In 1918, the primary developers and beneficiaries of technology were industries, governments and businesses. New technology reached the general population slowly. We are fortunate today: New technology is developed and applied quickly to meet consumer needs and demands, and it’s all on display at CES 2018.
This week, 180,000 CES attendees invaded Las Vegas. As one cab driver said, “it’s impossible not to pick up a ride this week.”
According to CES registration records, the attendance breaks down roughly as follows: 71,000 domestic, 35,000 international, 67,000 exhibitor personnel, and 7,000 media types. Everyone is focused, one way or another, on new technologies and better consumer products and services.
The display of technology is concentrated at three locations:
Tech East: artificial intelligence, augmented reality, computers and appliances, smartphones and cameras, 3-D printing, drones, robotics, vehicle and self-driving technology, sensors, internet of things and more.
Tech West – accessibility, high-end audio, startups at Eureka Park, fitness, gaming and virtual reality, sleep products, wearables, baby tech, smart home and more.
Tech South – video content platforms and distribution, digital and online media.
This vast array of technology can be overwhelming. It helps to be organized and have comfortable shoes!
There are several new applications of consumer technology at CES 2018 in healthcare delivery, sports and cities.
In health care, doctors and patients now use the internet for access to and delivery of medical advice and treatments, but the use is not structured or systematic. The development of nationwide digital health systems using mobile devices is being discussed at CES 2018 conferences. Also included are cutting-edge concepts for using software to predict medical conditions and “software as a medical device.”
For athletes, professional and otherwise, products that enhance performance are exhibited at Tech West. There are conferences discussing sensor technology for monitoring and prompt detection of injuries that may not be easily observed.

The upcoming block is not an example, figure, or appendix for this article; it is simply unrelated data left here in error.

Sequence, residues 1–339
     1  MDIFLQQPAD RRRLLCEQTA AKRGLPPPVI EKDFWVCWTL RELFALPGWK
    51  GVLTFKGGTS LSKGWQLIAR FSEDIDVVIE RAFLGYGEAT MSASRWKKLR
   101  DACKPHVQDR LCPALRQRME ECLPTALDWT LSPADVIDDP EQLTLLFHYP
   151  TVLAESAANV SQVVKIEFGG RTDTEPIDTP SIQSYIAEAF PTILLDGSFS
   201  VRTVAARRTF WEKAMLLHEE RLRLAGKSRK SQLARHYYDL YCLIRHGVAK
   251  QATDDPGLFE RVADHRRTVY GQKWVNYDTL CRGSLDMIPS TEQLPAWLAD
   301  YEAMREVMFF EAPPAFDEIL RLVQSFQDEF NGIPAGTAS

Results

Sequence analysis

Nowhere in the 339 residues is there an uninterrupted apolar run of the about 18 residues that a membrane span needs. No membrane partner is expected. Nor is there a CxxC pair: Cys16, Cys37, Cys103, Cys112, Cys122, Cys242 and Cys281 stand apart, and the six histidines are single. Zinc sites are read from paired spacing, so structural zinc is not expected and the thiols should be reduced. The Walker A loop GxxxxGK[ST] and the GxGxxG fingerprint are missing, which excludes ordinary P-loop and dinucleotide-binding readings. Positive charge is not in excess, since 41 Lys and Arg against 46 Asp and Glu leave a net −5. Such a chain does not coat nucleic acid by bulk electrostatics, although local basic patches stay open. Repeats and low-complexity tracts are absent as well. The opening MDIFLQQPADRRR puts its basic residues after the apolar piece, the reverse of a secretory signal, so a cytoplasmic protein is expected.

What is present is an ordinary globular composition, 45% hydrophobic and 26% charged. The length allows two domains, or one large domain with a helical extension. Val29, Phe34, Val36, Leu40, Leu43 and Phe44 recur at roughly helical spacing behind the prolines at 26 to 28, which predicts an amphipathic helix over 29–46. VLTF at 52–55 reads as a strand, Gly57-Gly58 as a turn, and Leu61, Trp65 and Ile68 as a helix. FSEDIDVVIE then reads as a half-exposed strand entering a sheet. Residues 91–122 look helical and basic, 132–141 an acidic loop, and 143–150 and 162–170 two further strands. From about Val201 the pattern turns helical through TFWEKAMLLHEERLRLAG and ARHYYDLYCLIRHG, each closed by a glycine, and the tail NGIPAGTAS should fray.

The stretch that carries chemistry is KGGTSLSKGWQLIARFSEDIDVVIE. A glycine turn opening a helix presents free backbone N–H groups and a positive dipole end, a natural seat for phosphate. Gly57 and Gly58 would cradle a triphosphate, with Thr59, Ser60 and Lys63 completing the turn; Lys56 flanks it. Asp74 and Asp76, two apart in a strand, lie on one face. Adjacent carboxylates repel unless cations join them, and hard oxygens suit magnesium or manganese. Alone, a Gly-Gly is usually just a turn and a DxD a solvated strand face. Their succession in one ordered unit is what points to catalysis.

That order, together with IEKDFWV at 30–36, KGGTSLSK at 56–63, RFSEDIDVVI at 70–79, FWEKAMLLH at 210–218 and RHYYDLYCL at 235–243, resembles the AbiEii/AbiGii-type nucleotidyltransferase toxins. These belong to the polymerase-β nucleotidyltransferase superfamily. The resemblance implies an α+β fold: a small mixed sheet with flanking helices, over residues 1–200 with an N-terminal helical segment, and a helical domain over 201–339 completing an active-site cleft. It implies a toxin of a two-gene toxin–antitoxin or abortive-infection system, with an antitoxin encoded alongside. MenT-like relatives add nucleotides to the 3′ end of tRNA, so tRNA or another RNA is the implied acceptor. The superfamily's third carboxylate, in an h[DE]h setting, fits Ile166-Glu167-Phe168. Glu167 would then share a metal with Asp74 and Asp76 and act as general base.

We are familiar how technology can connect devices within homes for easier and safer use (“smart homes”). The vision of “smart cities,” however, is just beginning to be viewed as a goal that can be achieved using new information and communication technology. Deloitte is sponsoring an exhibit at Tech East that presents how using new technologies can benefit an entire city – for example, helping trains run on time, monitoring and coordinate energy use, and providing greater Wi-Fi capacity throughout the city. (There are privacy and security challenges to address and overcome, of course.)
There also is a new “Government 2018” program at CES that enables substantive discussions among government leaders and tech companies about the application of technology and innovation to government and infrastructure.
Speaking of government, one of the best-known federal agencies has a visible presence at CES this year. The FBI has a modest hallway exhibit in Tech East staffed with friendly agents who urge attendees to protect their intellectual property and provide helpful materials.
Finally, amid all this enlightenment, a blackout occurred in Tech East on Wednesday. The cause was condensation from a previous rainfall. It affected only portions of the exhibitor area for an hour or so, but several heavyweight exhibitors were affected, such as Sony, Samsumg, LG and Intel. Battery-powered signs provided light as attendees walked to lighted areas.
It was a good reminder of the importance of the people who maintain fundamental infrastructure and perform essential services while we go about our business.